Our group of roughly forty included four African-Americans, one of whom wore a T-shirt that said “Cornell Law School.” There was a family from India, and a few people who looked Japanese. Three Buddhist monks in orange robes inspired speculation about the Dalai Lama, who had spoken in Washington the day before.

Jefferson the writer was brilliant, but Jefferson the farmer never turned a profit. He could not let go of his slaves and hold his land, so he chose to cling to both. Even with the slaves, he fell deeply into debt; he died owing the equivalent, in today’s terms, of $2 million.

Not that he would have freed all of his slaves, even if the farm had been in the black. Our guide explained that Jefferson saw “piecemeal” freeing as dangerous, in that it could provoke other slaves to get ideas. And then there was the question of what to do with all those former slaves.

Because he was holding people against their will, Jefferson naturally encountered problems of discipline. Our guide described one for us: A slave hit another slave with a rock, breaking his skull. The guide left it to us to figure out what ought to be done, in order to make an example of the perpetrator and prevent a recurrence.

A white man in the group said quickly, “Hang him.”

“Well, you could hang him, I guess,” the guide said. “But what would be the problem with that?”

“You’d be damaging your property,” said the black man with the Cornell Law School T-shirt.

“That’s right,” she said, nodding. “And you wouldn’t want to do that. So he had to figure out something else to do. He was fairly benevolent, as slaveholders went; he didn’t want to use the whip. So instead he told his overseer to sell the man who had done that with the rock: ‘Sell him far away, and it will be for his family as if he was dead.’ So they sold him, and that slave’s family never saw him again; it was as if he was dead.”

The guide had to talk about Sally Hemings, so she did. Hemings was the half-sister of Jefferson’s wife; they shared the same father, but because Sally’s mother was a slave, so was Sally. Mrs. Jefferson died after ten years of marriage. Thomas never remarried, so when things happened between T.J. and Sally, there was no wronged wife — only a slave woman who could not truly give consent, mixed up with a statesman who had written that it was wrong to mix.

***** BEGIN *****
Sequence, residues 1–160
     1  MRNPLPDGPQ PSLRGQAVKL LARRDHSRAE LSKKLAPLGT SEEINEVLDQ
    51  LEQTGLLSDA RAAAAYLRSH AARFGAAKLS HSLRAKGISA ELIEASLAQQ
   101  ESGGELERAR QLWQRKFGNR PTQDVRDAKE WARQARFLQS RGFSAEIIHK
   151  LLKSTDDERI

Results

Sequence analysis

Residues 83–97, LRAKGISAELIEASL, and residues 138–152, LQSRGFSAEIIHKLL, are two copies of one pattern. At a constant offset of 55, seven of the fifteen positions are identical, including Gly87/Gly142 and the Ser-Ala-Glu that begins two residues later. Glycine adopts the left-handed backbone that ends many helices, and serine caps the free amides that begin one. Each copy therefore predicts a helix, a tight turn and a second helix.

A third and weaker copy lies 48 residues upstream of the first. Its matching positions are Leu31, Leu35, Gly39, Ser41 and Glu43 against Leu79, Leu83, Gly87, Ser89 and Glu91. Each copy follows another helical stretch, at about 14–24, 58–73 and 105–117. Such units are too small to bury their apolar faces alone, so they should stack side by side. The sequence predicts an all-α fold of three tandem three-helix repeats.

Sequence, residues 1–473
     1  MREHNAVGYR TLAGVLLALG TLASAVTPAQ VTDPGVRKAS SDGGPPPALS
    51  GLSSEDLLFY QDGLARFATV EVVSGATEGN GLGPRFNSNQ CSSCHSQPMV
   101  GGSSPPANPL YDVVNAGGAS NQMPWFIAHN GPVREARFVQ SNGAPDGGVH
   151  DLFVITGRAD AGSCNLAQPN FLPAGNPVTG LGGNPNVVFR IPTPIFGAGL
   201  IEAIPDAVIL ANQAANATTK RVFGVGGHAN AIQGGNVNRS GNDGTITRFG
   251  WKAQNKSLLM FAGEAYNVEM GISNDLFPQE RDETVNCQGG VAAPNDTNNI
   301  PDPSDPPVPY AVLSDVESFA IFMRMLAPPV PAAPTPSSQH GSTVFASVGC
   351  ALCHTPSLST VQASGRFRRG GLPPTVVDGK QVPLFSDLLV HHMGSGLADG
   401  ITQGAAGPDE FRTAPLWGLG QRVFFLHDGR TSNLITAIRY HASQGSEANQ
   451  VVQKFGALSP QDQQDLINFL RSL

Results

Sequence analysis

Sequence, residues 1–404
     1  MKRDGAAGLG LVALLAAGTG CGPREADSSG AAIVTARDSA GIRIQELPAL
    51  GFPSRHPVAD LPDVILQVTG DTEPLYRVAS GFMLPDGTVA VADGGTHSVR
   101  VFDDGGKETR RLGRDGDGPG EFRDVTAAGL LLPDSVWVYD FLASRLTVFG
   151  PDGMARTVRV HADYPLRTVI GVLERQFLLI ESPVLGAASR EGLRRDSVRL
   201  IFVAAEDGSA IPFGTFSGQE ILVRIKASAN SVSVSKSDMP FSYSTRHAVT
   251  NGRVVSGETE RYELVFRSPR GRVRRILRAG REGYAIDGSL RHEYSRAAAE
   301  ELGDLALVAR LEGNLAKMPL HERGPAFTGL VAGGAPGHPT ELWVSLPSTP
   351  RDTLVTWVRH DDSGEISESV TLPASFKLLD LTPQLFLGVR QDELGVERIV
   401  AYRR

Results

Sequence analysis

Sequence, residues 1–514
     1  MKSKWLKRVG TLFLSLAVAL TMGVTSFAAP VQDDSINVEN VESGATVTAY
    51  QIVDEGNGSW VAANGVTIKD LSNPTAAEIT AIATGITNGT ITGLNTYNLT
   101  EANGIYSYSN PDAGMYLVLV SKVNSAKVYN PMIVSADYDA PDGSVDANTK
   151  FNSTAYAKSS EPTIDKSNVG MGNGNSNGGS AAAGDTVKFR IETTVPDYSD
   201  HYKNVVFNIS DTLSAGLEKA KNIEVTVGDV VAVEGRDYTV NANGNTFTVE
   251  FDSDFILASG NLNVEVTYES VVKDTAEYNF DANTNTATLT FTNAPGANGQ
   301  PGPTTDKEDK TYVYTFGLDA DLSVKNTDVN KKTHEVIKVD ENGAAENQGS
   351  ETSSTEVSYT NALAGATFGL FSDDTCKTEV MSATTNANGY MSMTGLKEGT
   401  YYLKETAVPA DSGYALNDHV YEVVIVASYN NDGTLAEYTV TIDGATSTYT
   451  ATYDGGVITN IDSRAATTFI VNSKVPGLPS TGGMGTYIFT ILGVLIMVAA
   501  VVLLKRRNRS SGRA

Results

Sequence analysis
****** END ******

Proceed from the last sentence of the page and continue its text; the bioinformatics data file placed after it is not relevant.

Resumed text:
“Interestingly,” said the guide, “since the DNA evidence came out to show that Jefferson was probably the father of Sally’s children, blacks have tended to have no problem accepting Jefferson, with all his flaws. Whites, on the other hand, have had a harder time with it.”

“So,” I thought. “So it’s because I’m a white guy. She’s saying that any trouble I’m having with Jefferson here today is because of the color of my skin, not the content of his character.”

* * *

Well, now, Thomas, you were a great man, and all, but I’m not so sure that the guide’s explanation cleared everything up.

As I walked around your little mountain and saw your lovely trees and objects of art, I sympathized with you. I imagined how hard it would have been for you to give up all that beauty just to free some people who probably seemed to be doing fairly well, for non-whites.

But I also imagined how hard it was for your slaves to see you, the big cheese, relaxing as they worked. Probably you told a few of them how much you loved Monticello – how it gladdened your heart to be home, away from the cares of statecraft. Probably they nodded at you, smiled for you, and doubted they would ever again see the relatives you had sold away.

I’d like to see the poll that tour guide took — the one that showed that it’s only whites who have an issue with you, Mr. Jefferson.

When it comes to brilliance, accomplishment, heart and influence, T.J., my inferiority to you is so great as to make me tremble. But I was created equal to you, so I guess I have a right to say my peace.

Although it sounds foolish to say it, my relationship with you is not what it was.

I realize, of course, that your relationship with me has not changed a whit: You didn’t know me then, and you don’t know me now.

So maybe I shouldn’t worry about it at all. And frankly, since I left your plantation, I pretty much haven’t. Pretty much.